O’Neill said he has been a USA hockey referee for more than 3,000 games. In 2008 he and his wife founded Star Skaters, a skate therapy program that provides individualized coaching for children with a wide range of disabilities and challenges.
Once the equipment failed, the owners sent out a note stating if they did not have a buyer willing to pay $7.5 million within 48 hours they would shut down the rink. O’Neill made calls and organized a meeting with possible investors.
O’Neill said that as a referee he could see the 20-year-old facility was deteriorating. Four months ago he approached the economic development council.
“My Spidey sense was that this rink is one major equipment failure from going away,” he said.
Proponents want the city to take over the rink, which sits on five acres near the Fort Bend ISD headquarters on Lexington Boulevard and make it part of it’s park system.
“If the city took this over and made it a community center they could have jazzercise, drop-off day, luxury suites. It really could be a destination spot, and they could develop future athletes here,” O’Neill said.
“The city could facilitate a deal with FBISD, they could buy it themselves or if the city recognizes this as a valuable asset and doesn’t have the money to add to their portfolio, they could give the owner tax breaks or incentives,” suggested O’Neill.
He said Olympian Tara Lipinski once skated there as well as the NHL Buffalo Sabers’ 2008 first round draft pick Tyler Myers.
The Learn to Skate program serves 600-800 children and adults every semester, six semesters a year. The Texas Gulf Coast Figure Skating Club has nearly 300 members who train at the rink and three synchronized skating teams from Unity who appear nationally. Every year the rink holds the annual “Nutcracker on Ice” which had more than 125 skaters last year and has sellout performances for the last 17 years, said Michelle Ross, head of the Texas Gulf Coast Figure Skating Club.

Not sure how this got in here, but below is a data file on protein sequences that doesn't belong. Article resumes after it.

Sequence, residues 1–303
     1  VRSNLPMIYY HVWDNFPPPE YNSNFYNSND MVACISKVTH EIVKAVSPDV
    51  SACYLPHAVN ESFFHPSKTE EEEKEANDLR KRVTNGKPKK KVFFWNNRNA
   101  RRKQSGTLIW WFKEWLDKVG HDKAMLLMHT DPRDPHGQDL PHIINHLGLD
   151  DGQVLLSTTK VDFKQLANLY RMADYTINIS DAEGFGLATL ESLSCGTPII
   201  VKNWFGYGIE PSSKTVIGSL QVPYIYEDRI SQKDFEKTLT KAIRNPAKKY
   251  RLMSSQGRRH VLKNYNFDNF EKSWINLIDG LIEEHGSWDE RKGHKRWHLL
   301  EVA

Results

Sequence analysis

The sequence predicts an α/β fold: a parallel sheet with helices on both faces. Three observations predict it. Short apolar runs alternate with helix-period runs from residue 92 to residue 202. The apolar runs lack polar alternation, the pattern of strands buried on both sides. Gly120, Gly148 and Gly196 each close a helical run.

“I’m hoping they will realize, this is not just a building with ice,” said O’Neill, who met his wife there.
Everyone has a story said another organizer, Teris Minsue Chen, who used her Facebook page “Houston Hockey Happy” to strategize and encourage everyone to sign the petition and share their stories with area politicians and potential donors in emails, calls, letters and video. There is the current general manager of the rink who started working there as a hostess when she was l5. There are young skaters whose dreams of national attention have been thwarted as they scramble to find ice time to ready for the next season. There is the hockey mom Fran Andes who found a second family as she watched her daughter switch sports and blossom under the program then challenged herself to pick up the skates.
And there is 30-year-old Franchesca Forsythe, a diminutive young woman who barely looks 16. Dark sunglasses shield the fact that she was born without eyes. She feels none of her disability when she and her coach step onto the ice.
“I feel free,” said Forsythe, who looked forward to Saturdays where she dons her purple sparkly dress and glides across the ice with her coach.
“It doesn’t matter what your disability. If you want to try, they will make a way for you and she is using every muscle but it’s fun for her, it’s not like therapy,” said her mother Angela Forsythe.
“She doesn’t understand why this happens,” said her mother, who fought back tears.
The doors are closed and though she can’t read the printed sign on the glass door, Francesca knows what it feels like to be shut out.
She doesn’t use many words but the ones she does, she wants to count, “Please, let me skate.”